How could the CSA have won the Atlanta Campaign?

Luke Freet

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To me, the confederates had very few opportunities to turn the tide on Sherman. A continued defense would only result in Sherman circumventing Confederate defenses. Was there a particular point when the Confederates could have turned the tide? At Reseca? Cassville? New Hope? Kennesaw? The 3 Atlanta battles? Jonesboro?
 

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Saruman

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To me, the confederates had very few opportunities to turn the tide on Sherman. A continued defense would only result in Sherman circumventing Confederate defenses. Was there a particular point when the Confederates could have turned the tide? At Reseca? Cassville? New Hope? Kennesaw? The 3 Atlanta battles? Jonesboro?
I think it could have been done. The terrain was highly defensible. The Army of Tennessee just needed: 1) a competent commander like Richard Taylor instead of the ineffectual Joe Johnston, and 2) a large cavalry force under Nathan B. Forrest to harass and raid Sherman's supply lines.
 

John Winn

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I think the clock was running out on the Confederacy and eventually they'd have lost Atlanta no matter what. However, I do think they could have stalled Sherman way longer than they actually did and I agree with @Saruman how that might have happened. It's one of those classic what-if things if Atlanta didn't fall until after the election and how that might have affected the ultimate outcome. My feeling is that at that point the Union wasn't going to just give up even if McClellan won so things might have got dragged out even further but in the end the Confederacy was defeated and didn't have the resources to fight a war more than one or two more major battles and Atlanta was just a matter of time.
 

Ole Miss

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Lack of men, supplies, transportation and overall strategic planning all ensured the failure of the Atlanta campaign.
Regards
David
 

ucvrelics

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It may have been the same fate as Vicksburg or Petersburg, a long siege on Atlanta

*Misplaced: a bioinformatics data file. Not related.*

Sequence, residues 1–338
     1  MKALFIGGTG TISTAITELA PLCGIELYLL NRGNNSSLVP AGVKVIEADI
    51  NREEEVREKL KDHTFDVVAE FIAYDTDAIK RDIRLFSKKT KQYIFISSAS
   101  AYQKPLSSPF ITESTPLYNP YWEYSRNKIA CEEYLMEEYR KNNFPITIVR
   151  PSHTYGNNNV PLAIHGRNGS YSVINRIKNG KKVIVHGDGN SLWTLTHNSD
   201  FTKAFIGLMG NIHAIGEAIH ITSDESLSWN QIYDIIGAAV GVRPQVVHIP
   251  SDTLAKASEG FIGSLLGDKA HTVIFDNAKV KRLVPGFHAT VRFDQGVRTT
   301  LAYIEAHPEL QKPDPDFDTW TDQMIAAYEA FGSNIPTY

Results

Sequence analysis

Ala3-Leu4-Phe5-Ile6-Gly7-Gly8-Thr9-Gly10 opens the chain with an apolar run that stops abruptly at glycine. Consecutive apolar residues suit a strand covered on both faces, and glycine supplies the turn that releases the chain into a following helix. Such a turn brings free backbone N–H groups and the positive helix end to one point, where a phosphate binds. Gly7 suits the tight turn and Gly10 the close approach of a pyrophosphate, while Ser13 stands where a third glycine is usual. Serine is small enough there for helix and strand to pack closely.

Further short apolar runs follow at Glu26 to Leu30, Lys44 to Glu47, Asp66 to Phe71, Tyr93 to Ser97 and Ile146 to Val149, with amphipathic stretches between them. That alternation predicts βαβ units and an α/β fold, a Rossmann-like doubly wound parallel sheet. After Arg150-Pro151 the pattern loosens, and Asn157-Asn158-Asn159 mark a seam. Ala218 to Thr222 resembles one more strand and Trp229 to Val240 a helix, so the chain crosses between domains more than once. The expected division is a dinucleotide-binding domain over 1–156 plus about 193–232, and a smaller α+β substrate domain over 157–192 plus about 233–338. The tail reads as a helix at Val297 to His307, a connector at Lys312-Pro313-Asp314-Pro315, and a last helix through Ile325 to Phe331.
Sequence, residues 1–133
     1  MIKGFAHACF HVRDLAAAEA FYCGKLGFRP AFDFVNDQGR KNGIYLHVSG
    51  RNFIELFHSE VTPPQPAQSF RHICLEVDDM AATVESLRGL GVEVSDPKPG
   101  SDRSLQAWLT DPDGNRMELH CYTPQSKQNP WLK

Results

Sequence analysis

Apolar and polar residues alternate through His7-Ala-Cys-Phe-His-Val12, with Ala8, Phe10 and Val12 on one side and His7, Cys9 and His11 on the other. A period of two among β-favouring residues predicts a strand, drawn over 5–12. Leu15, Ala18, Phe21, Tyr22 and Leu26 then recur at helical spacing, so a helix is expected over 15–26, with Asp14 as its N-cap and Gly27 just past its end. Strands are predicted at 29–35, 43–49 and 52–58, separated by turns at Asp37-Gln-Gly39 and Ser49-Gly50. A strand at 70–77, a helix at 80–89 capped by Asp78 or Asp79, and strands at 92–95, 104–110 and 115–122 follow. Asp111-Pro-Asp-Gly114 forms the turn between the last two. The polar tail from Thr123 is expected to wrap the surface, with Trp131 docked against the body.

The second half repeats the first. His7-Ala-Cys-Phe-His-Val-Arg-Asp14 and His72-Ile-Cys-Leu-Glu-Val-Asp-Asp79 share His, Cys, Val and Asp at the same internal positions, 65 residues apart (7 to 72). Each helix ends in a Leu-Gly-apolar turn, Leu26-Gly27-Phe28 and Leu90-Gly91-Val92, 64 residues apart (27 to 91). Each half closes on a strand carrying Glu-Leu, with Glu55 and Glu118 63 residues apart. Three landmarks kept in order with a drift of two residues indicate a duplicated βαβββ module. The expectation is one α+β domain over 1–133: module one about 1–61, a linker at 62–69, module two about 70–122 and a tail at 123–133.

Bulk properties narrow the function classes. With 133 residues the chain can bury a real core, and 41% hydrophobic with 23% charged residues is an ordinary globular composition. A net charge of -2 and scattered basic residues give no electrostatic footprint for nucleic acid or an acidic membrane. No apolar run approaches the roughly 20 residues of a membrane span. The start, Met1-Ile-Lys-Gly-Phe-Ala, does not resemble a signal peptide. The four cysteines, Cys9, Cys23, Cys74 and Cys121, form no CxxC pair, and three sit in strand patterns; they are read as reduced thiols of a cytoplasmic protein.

leftyhunter

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To me, the confederates had very few opportunities to turn the tide on Sherman. A continued defense would only result in Sherman circumventing Confederate defenses. Was there a particular point when the Confederates could have turned the tide? At Reseca? Cassville? New Hope? Kennesaw? The 3 Atlanta battles? Jonesboro?
One could argue the battle of Atlanta was already decided when Major General Hooker broke through Confederate lines and established the Cracker Line to supply the besieged garrison at Chattanooga.
If( and it's quite a big if) Major General's Bragg and Longstreet worked as a team and kept out General Hooker's relief troops from establishing the Cracker Line perhaps General Grant would of been forced to surrender the garrison at Chattanooga.
If the Confederacy was going to save Georgia it had to defeat the AoC at Chattanooga.
Conventional warfare is very unforgiving to those general's who miss a critical opportunity.
Leftyhunter
 

19thGeorgia

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To me, the confederates had very few opportunities to turn the tide on Sherman. A continued defense would only result in Sherman circumventing Confederate defenses. Was there a particular point when the Confederates could have turned the tide? At Reseca? Cassville? New Hope? Kennesaw? The 3 Atlanta battles? Jonesboro?
July 22, 1864...if Hardee and Cheatham attack at the same time.
 

TomV71